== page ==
We – regular citizens and public administrations alike – all want the same thing for our cities: less pollution, less congestion and smarter mobility solutions. But whilst meeting these requirements all comes down to effective SUMPs, these plans have yet to materialise in most European cities. The Prosperity project aimed to tackle this problem by establishing national SUMP ‘task forces’. Over three years, these platforms became the place to discuss cities’ needs and requirements, and more specifically the planning and implementation of national SUMP support programmes tailored to these needs in each participating city. “The idea was to bring about a cultural shift in transport planning at all levels of government,” says Robert Pressl, coordinator of the project on behalf of Austrian Mobility Research FGM-AMOR. “But we particularly focused on developing new national government activities to stimulate sustainable urban mobility planning. Besides, we brought together cities and national-level agencies in each country to build a mutual understanding of SUMP and build capacity, thanks to national-level exchanges of experience and training events.” The project covered a total of 13 countries whose take-up of SUMP concepts was non-existent or needed to be further developed, and successfully helped them in preparing a relevant national programme. The team also carried out a comprehensive set of training sessions for city representatives, with a particular focus on city and site managers, people in charge of budgeting, technical personnel and politicians. In total, over 300 city representatives could benefit from these training sessions. Utilising a peer-to-peer approach To ensure success, the project consortium used a peer-to-peer approach: they identified ‘champion’ SUMP cities and selected their development leaders to become trainers in other, less advanced cities. “This ensures that the information and content, contained in the training and awareness raising material, are based on the experience of real cities and these messages resonate most with other cities because they provide real evidence,” Pressl points out. For those who didn’t have a chance to attend these training sessions, the project provided training material and also created ‘innovation briefs’ describing innovative approaches and ideas in sustainable urban mobility planning and implementation. Since the project was launched in 2016, partner cities have been used as test beds and role models. The project purposely picked very different cities in terms of size and population to test various ideas. In Lisbon, for instance, stakeholders are now developing a digital platform to detail measures and objectives, as well as monitoring and evaluation methods. In Fagaras, urban mobility measures were selected to converge with needs and objectives in the area of urban development and energy efficiency, by harmonising the SUMP with land use plans and the energy efficiency strategy. In high density residential neighbourhoods, for instance, the city introduced on-street paid parking. Keeping SUMPs alive Pressl is hopeful that the availability of national and regional SUMP supporting programmes will uplift SUMP to a higher policy level in participating countries. The consortium is getting ready to maintain SUMP task forces beyond the duration of the project, whilst all national SUMP networks are still in operation and have gained significant visibility within their own countries. The Slovenian SUMP network, for instance, currently has 210 active members including national institutions, regional agencies, municipalities, NGOs, public transport operators, the news media, and transport experts.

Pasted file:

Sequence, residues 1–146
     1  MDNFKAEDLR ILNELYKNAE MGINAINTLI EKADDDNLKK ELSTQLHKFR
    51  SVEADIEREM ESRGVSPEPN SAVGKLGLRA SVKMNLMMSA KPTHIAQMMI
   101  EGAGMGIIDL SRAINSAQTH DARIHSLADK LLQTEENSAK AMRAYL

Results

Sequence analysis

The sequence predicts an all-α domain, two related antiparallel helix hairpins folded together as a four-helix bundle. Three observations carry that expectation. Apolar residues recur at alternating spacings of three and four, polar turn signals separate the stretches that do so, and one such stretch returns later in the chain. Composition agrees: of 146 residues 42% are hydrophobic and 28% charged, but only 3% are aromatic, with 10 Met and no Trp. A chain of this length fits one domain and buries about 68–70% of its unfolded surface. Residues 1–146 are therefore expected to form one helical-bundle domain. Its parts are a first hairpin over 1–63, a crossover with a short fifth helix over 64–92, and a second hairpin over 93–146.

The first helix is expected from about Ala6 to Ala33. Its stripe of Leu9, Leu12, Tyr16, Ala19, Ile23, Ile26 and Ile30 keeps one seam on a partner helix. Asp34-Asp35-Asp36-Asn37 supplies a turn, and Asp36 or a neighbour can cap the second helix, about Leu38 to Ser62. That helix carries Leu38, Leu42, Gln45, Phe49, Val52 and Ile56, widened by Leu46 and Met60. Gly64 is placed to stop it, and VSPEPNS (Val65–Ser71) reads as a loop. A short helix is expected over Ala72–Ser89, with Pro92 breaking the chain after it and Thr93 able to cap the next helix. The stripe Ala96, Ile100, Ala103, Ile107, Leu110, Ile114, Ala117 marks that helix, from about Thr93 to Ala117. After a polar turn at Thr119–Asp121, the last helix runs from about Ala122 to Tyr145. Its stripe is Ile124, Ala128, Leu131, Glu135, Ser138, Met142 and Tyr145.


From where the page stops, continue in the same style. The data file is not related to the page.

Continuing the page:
Prosperity, SUMP, Sustainable Urban Mobility Plan, sustainability, urban mobility